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BALDWIN PIANO, INC. v. DEUTSCHE WURLITZER GMBH

August 4, 2003

BALDWIN PIANO, INC., PLAINTIFF,
v.
DEUTSCHE WURLITZER GMBH D/B/A WURLITZER JUKEBOX COMPANY, DEFENDANTS



The opinion of the court was delivered by: James Zagel, District Judge

MEMORANDUM OPINION AND ORDER

Plaintiff and counter-defendant Baldwin Piano, Inc. ("Baldwin") is the owner of several federally registered "Wurlitzer" trademarks. For several years, defendant and counter-plaintiff Deutsche Wurlitzer GMBH ("DW") has manufactured, advertised, marketed, and sold various products bearing the Wurlitzer trademarks pursuant to a 1985 License Agreement. On March 24, 2003, Baldwin notified DW that the Agreement was being terminated immediately, that further use of the Wurlitzer trademarks by DW would be unauthorized, and that a complaint would be filed that day and served to protect its rights, which Baldwin subsequently did. In response, DW filed its Answer, Affirmative Defenses and Counterclaim, in it which asserts three claims against DW for breach of contract and implied covenant of good faith and fair dealing (Count I), unjust enrichment (Count II), and abuse of process under Illinois law (Count III).*fn1 Baldwin now moves to dismiss the Counterclaim pursuant to Federal Rule of Civil Procedure 12(b)(6). In considering a motion to dismiss, all well-pleaded allegations are taken as true, with the facts viewed in the light most favorable to the pleader. Wolfolk v. Rivera, 729 F.2d 1114, 1116 (7th Cir. 1984). [ Page 2]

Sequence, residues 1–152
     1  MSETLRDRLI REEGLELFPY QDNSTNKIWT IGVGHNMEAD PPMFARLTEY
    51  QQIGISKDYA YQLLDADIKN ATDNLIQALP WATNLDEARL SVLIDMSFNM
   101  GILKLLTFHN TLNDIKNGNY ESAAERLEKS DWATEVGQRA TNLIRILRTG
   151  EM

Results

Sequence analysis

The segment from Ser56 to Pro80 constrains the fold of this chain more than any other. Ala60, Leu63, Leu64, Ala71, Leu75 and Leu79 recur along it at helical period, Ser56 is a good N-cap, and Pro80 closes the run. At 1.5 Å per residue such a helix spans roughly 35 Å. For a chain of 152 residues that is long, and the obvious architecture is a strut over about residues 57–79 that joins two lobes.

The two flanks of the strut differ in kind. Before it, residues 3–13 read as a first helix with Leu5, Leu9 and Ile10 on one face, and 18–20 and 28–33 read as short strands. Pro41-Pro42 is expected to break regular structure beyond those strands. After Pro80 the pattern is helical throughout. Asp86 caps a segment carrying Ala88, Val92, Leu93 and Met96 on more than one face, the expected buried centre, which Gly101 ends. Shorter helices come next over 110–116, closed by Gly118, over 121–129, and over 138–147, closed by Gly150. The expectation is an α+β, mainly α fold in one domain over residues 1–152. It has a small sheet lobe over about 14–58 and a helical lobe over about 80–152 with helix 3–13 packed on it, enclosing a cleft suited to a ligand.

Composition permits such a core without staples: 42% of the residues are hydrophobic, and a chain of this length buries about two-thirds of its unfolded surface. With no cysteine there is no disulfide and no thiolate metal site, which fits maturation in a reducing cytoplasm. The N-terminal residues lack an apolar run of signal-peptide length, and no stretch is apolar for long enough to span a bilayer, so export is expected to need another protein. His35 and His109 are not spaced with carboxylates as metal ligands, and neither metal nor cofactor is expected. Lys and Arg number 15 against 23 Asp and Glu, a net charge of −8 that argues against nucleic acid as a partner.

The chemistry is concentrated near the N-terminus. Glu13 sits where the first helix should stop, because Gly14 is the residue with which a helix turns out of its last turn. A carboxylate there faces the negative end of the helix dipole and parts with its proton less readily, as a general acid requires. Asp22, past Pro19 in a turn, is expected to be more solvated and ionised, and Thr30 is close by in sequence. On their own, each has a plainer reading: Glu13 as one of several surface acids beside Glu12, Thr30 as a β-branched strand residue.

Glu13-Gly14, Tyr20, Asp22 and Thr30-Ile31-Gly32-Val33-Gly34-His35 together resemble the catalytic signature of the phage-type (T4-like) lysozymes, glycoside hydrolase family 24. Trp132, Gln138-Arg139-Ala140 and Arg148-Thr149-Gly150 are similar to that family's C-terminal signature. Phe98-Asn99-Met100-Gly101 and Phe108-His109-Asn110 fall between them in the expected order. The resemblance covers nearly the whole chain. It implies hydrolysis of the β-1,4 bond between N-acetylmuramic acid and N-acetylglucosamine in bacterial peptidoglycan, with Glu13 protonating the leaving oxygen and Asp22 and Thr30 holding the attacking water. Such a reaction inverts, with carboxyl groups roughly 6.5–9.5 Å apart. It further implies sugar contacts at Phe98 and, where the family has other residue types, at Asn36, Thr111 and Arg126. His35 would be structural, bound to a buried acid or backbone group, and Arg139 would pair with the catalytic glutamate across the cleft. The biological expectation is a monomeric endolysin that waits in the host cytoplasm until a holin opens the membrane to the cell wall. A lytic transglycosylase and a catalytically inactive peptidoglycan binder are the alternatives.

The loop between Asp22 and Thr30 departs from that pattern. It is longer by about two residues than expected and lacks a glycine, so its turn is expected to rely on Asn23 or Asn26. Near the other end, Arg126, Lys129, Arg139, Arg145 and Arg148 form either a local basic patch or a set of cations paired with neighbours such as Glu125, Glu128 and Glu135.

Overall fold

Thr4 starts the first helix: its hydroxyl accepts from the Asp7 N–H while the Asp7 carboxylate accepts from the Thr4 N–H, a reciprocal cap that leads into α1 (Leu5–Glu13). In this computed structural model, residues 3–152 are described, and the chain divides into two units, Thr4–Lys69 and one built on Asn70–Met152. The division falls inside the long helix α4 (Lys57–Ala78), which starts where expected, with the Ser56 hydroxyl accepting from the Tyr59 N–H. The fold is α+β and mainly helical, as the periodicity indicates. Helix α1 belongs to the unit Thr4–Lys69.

Dismissal is proper if "it is clear that no relief could be granted under any set of facts that could be proved consistent with the allegations." Hishon v. King & Spaulding, 467 U.S. 69, 73 (1984).

Count I: Breach of Contract and Implied Covenant of Good Faith and Fair Dealing

In Count I, DW alleges that by attempting to terminate the License Agreement for reasons other than material breach, Baldwin breached the contract and the implied covenant of good faith and fair dealing In response, Baldwin argues that the Agreement was terminable at will because it was of infinite duration and that its termination of the license could thus not constitute a breach of contract.*fn2 Under Illinois law, "contracts of indefinite duration are terminable at the will of either party." Jespersen v. Minnesota Mining and Mfg. Co., 700 N.E.2d 1014, 1016 (Ill. 1998). "An agreement without a fixed duration but which provides that it is terminable only for cause or upon the occurrence of a specific event is . . . terminable only upon the occurrence of the specified event and not at will." Id (emphasis in original).

The Agreement here addresses termination as follows:

13. Except as herein provided, and as provided in Article 14 hereof, this Agreement shall continue in force without limit of period but may be cancelled by the Licensor for material breach. In the event of Licensee's material breach of this Agreement, Licensor shall notify Licensee of the breach and Licensee shall have ninety (90) days to cure the breach or to request arbitration by a single arbitrator in accordance with the then current rules of the American Arbitration Association. If (i) the decision of the arbitrators is in favor of Licensor or (ii) the material breach has not been cured with the ninety (90) [ Page 3]
day period and the Licensee has not requested arbitration, the Agreement shall terminate upon thirty (30) days notice by Licensor. Licensor shall be entitled to withdraw any notice of breach hereunder.
(emphasis added). As in Jespersen: